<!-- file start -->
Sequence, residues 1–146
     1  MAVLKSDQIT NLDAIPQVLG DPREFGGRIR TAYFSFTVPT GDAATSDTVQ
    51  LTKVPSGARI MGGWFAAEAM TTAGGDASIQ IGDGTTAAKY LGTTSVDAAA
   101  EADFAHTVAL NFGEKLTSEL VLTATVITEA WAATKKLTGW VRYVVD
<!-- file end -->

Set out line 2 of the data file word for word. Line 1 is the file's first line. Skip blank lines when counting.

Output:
     1  MAVLKSDQIT NLDAIPQVLG DPREFGGRIR TAYFSFTVPT GDAATSDTVQ